Truman and Korea: The Political Culture of the Early Cold War

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Overview

Detailing for the first time the story of America's homefront during the Korean War, Truman and Korea fills an important gap in the historical scholarship of the postwar era. Paul Pierpaoli analyzes the political, economic, social, and international ramifications of America's first war of Soviet containment, never losing sight of the larger context of the cold war. He focuses on how and why the Truman administration undertook a bloody, inconclusive war on the Korean peninsula while permanently placing the nation on a war footing.

Truman and Korea illuminates the importance of the Korean conflict as a critical turning point in the cold war by examining both the immediate and the long-term domestic and foreign policy effects of the conflict. Pierpaoli addresses such important topics as presidential war powers and debates concerning the Defense Production Act; the inner workings of the many war mobilization agencies; the operations and politics of nationwide price and wage controls; questions concerning cold war tax policies and fiscal and monetary policies; and the evolution of national security policy.

Pierpaoli shows that President Truman's decision to intervene in the Korean War quickly became subsumed by larger cold war concerns. By the autumn of 1950 the Korean mobilization program had become the nation's de facto cold war preparedness program, which would come to span nearly forty years and eight presidential administrations. After 1950 the cold war not only continued to significantly shape political and ideological discourse in the United States but also began to reshape aggregate economic policy. By doing so, it altered the nation's industrial and economic contours, giving birth to the concept of an institutionalized "national security state," which in turn spawned the cold war military-industrial-scientific complex.

Based upon extensive research in the papers and official presidential files of Harry S. Truman, as well as many manuscript collections and records of wartime and government agencies, Truman and Korea offers a new perspective on the Korean War era and its inextricable ties to broader cold war decision making.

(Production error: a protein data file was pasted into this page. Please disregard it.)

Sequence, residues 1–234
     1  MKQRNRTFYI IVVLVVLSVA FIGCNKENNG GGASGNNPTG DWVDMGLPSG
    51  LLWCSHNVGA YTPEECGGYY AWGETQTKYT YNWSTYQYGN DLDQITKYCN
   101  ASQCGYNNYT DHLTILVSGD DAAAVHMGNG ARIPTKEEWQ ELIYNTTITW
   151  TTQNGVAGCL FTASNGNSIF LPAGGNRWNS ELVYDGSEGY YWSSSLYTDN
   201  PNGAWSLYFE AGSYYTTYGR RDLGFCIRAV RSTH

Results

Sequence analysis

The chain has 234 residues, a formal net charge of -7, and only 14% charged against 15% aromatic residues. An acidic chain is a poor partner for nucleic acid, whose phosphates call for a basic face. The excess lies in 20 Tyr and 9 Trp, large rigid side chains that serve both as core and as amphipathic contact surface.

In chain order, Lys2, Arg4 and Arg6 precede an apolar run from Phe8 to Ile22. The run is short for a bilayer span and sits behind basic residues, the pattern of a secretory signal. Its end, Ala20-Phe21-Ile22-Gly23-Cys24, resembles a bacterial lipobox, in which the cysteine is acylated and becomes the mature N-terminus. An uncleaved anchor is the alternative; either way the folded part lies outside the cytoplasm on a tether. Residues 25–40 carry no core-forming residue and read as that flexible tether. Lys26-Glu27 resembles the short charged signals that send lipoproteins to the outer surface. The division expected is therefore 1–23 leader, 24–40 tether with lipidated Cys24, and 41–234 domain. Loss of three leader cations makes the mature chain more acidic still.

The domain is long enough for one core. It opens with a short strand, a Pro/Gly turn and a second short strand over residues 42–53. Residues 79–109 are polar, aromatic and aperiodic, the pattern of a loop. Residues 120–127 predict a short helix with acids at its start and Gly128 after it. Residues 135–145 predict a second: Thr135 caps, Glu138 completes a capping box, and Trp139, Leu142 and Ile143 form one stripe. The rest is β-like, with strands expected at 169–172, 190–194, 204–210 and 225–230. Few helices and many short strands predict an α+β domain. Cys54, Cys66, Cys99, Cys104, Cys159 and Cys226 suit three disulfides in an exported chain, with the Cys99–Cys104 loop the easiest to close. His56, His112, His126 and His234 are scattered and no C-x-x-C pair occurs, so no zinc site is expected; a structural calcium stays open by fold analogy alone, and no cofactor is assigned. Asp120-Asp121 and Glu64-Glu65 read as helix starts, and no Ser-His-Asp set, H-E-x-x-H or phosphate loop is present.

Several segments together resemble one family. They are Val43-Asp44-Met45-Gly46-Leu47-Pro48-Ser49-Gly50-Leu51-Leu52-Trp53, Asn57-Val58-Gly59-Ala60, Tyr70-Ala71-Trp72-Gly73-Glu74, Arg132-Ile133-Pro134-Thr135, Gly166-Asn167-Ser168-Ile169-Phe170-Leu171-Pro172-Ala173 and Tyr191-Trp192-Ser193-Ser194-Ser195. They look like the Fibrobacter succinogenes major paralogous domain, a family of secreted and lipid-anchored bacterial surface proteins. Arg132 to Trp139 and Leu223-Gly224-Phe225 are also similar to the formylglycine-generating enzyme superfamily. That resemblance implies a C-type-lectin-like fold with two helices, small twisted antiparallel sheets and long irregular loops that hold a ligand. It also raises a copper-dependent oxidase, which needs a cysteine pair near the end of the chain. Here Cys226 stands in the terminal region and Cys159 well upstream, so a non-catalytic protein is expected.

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Editorial Reviews

Booknews
Pierpaoli (history, Virginia Military Institute) analyzes the political, economic, social, and international ramifications of America's first war of Soviet containment. Focusing on how and why the Truman administration undertook the war, he examines the presidential war powers, debates concerning the Defense Production Act, nationwide price and wage controls, and Cold War tax policies. Annotation c. by Book News, Inc., Portland, Or.
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Product Details

  • ISBN-13: 9780826212061
  • Publisher: University of Missouri Press
  • Publication date: 2/1/1999
  • Edition description: 1
  • Pages: 276
  • Product dimensions: 6.00 (w) x 9.00 (h) x 1.00 (d)

Meet the Author

Paul G. Pierpaoli, Jr., is Assistant to the Superintendent and teaches history at the Virginia Military Institute in Lexington.

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Table of Contents

Acknowledgments
Abbreviations
Introduction 1
I NSC-68 and the Outbreak of the Korean War: Toward a Piecemeal Mobilization, April-November 1950 16
II "An Entirely New War": The Chinese Intervention and the Institutionalization of Rearmament, December-January 1951 49
III Labor's Cold Shoulder: The Price and Wage Freeze and a Crisis-Filled Spring, February-May 1951 82
IV The Politics of Rearmament: Guns or Butter or Guns and Butter? June-December 1951 119
V Crises of Confidence: The Steel Crisis, Congressional Intransigence, and the Evolution of National Security, January-June 1952 160
VI Toward a Tenuous Normalcy: Decontrol and the General's Arrival, July 1952-February 1953 195
Conclusion 224
Bibliography 237
Index 255
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